September 2009

Sake Story - Back To My Humble Sake Beginnings

Posted by Beau Timken in 2009, Newsletter, Sake Story, September
South Africa As I wrote in the introduction of my book - "Sake a Modern Guide" - sake called to me in the strangest of places - in a dark and seedy sushi bar in Cape Town, South Africa. Yes, that was when the seed was planted - the hook was set - the snare took hold, but I had no idea at the time. I went from a happy "hottie" - chugger of hot sake only - to an explorer of rice and water in its most refined form. It was an eye opening experience - one that would change my life, and yet I did not see the long-term effect! What I did see was a beverage that mystified me, and I needed answers.

In retrospect the story has an even funnier side that is not in the book. For you see the kind Japanese fishermen who introduced me to premium sake came back to Cape Town on numerous occasions. On the initial evening of sake discovery when they shared their tasty Ginjo from Niigata they let it be known that I could do something for them. Those boozing fishermen wanted to play golf! So in my best wheeling and dealing voice I said that I would trade them a round of golf for another bottle of that wonderful sake. Cups clinked in cheers, hands shook, and high fives sealed the deal. I arranged for them to play at a local course, picked them up at their cheap hotel, and took them for their round. The deal was one bottle of sake for them to play 18. They gave me two at the end of the day. Why? One of the captains hit a hole in one. Lucky me. I was pretty pumped about my two bottles when the question came out of the blue "Can we do this again?" What? "We will be back in three months - can we call you to trade again?" Sure, but this time I'm thinking a case! "No problem." And like that our deal was done and set in stone - they would contact me via my home phone number when their fishing ships were back in town. Truthfully I didn't think that I would ever see them again.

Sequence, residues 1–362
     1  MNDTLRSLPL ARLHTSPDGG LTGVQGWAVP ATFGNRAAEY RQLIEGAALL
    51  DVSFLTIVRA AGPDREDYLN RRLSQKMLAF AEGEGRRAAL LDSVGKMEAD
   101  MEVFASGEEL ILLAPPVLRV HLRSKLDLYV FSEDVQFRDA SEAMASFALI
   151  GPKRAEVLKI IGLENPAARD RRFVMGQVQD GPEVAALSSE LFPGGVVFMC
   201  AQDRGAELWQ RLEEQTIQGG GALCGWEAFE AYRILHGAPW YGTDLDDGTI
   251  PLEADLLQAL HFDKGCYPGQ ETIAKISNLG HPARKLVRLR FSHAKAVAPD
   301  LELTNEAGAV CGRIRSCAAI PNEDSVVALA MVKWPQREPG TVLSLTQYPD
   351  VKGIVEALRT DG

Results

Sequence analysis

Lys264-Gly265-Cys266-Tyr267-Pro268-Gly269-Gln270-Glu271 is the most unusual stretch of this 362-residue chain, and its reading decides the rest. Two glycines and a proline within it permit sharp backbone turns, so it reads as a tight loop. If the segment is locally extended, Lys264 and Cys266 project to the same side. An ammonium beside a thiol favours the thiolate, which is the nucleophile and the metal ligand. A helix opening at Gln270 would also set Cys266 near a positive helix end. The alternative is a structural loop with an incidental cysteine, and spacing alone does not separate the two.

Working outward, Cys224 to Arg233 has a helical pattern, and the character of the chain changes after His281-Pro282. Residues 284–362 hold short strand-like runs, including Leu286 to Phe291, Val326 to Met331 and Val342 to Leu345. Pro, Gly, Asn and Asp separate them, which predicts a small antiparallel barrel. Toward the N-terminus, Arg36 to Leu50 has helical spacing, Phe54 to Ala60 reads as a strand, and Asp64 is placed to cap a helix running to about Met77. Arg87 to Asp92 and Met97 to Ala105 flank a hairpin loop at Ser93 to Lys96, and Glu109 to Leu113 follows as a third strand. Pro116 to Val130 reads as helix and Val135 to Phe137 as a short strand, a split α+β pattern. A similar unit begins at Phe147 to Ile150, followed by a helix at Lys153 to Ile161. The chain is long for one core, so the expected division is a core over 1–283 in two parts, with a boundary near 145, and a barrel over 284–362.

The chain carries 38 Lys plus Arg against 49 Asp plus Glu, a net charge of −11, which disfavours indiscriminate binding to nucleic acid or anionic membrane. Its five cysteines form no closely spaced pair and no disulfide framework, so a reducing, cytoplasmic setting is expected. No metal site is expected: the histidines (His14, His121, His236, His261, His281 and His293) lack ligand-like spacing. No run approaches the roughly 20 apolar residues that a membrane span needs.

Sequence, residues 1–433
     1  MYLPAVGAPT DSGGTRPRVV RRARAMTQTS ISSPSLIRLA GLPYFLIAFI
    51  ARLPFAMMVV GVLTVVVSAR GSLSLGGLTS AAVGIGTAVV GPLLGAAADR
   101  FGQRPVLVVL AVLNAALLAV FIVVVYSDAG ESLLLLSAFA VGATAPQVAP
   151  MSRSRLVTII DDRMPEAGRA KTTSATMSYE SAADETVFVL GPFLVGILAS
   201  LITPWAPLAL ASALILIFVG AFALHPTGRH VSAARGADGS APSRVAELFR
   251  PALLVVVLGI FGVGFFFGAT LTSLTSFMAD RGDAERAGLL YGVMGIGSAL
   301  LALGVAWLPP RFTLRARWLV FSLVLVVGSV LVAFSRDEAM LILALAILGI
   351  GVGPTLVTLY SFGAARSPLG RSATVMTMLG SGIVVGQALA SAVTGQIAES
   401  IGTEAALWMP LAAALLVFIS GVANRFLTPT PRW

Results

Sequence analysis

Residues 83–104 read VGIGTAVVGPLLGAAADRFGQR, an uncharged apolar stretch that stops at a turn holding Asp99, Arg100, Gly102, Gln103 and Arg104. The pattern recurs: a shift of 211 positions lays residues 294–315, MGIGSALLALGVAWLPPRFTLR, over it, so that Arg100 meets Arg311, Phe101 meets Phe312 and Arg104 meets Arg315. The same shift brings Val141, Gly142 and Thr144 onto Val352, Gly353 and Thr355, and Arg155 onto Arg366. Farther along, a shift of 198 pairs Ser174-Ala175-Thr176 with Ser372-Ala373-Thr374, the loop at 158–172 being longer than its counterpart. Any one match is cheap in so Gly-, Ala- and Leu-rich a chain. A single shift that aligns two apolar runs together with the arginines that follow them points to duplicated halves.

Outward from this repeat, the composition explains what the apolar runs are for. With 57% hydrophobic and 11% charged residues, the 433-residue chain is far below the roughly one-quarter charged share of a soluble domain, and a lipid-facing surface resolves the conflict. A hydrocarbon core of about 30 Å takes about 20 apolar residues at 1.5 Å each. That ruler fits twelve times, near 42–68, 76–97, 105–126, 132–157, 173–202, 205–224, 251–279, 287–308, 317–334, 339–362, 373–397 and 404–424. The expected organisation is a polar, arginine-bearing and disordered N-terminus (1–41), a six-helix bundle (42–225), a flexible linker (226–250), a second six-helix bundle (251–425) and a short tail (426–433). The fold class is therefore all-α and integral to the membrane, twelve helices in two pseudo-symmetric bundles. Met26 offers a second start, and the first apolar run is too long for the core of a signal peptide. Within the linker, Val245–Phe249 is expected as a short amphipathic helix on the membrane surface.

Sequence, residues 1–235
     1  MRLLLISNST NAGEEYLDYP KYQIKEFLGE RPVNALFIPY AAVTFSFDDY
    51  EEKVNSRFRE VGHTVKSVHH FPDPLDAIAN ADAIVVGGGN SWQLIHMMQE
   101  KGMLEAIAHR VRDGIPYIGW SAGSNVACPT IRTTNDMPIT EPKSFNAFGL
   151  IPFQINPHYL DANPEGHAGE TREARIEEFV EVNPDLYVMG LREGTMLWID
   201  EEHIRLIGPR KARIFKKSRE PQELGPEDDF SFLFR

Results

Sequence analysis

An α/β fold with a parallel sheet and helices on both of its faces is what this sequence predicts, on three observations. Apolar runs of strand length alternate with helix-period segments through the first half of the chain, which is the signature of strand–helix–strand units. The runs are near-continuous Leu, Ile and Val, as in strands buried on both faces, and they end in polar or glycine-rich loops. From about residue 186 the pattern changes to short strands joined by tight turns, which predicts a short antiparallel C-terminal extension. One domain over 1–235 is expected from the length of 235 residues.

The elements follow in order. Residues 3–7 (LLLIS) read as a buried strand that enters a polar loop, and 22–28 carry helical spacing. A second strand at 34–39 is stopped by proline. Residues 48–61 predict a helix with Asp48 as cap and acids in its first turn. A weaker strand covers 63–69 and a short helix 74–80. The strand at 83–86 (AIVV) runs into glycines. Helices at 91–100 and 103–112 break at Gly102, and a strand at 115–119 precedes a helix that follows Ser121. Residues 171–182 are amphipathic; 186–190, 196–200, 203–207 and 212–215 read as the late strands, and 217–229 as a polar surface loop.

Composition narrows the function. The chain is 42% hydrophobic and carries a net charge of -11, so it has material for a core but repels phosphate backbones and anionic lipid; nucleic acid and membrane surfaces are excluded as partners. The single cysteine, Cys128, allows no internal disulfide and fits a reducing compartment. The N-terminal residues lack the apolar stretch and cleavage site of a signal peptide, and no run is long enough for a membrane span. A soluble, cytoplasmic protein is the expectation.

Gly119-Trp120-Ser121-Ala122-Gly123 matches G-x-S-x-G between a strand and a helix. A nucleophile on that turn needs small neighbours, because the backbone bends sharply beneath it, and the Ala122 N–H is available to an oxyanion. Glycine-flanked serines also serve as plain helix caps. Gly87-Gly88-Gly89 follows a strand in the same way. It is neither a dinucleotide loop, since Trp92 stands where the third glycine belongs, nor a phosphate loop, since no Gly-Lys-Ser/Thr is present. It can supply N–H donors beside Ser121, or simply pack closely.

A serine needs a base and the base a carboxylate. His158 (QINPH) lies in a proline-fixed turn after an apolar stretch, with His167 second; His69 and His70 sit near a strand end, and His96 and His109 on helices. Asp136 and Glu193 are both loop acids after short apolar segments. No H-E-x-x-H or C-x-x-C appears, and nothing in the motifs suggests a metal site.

Four months to the day I received a ship to shore phone call at 3AM at my house - "Hello - Golfey" Huh? "Hello - golf play" What? "We play golf?" Ohhhh my god it's you. "Yes - nihonshu for you!" Huh? (I didn't know the name nihonshu then.) So they came back. I arranged for another golf outing and they gave me a "case" of sake, which was 6 bottles. Is this a case? "Yes - case!" Oh okay! (The sake this time was not the same - the last two bottles were brown and the new ones were green and they were smaller. I wrote in my notes what they told me the name was - KoshyKambi. Yes - you guessed it they had given me Koshi no Kanbai from Niigata - the "ultimate" in sake for those who want to name brand impress.

To make a long story short these fine gentlemen decided to tell all of their shipping/fishing/seafaring friends about a white guy who would trade rounds of golf for sake. My personal home line would ring at all hours of the night - sometimes I would answer and hear in broken English - "Golf?" "Please golf for nihonshu." In a word I was un-amused and even though the prospects of great sake were so enticing I changed my phone number. But those men did change my life!

So last month I was back in Cape Town and the restaurant was gone! The sushi counter where it all happened is now a memory. As I trolled the market I realized that the "sushi" scene had actually taken a step backwards! Despite a Nobu, which is now sort of like the Benihana of raw fish, there are not that many sushi restaurants. Fusion seems to rule the day, and within those fusion restaurants not a lot of premium sake has taken hold. In fact, there is not a lot of Jizake sake to be found anywhere. This is somewhat disturbing as I thought for sure the sake scene would have improved since I last was on African soil. That is not the case - just the same large Kobe macro-brewery sakes are available.

In the grand scheme I always liken South Africa to be roughly 2-3 years behind fads - witnessed this for cigar bars etc - and perhaps sake will start to flourish later this year - their summer. But - if Europe is an example then I think Cape Town and all of South Africa will lag behind the growing sake trend in the west. Too bad, because a lot of African foods lend themselves to sake - don't believe me? Check out next month's Sake Challenge where we took sake head to head with cuisine from Senegal!

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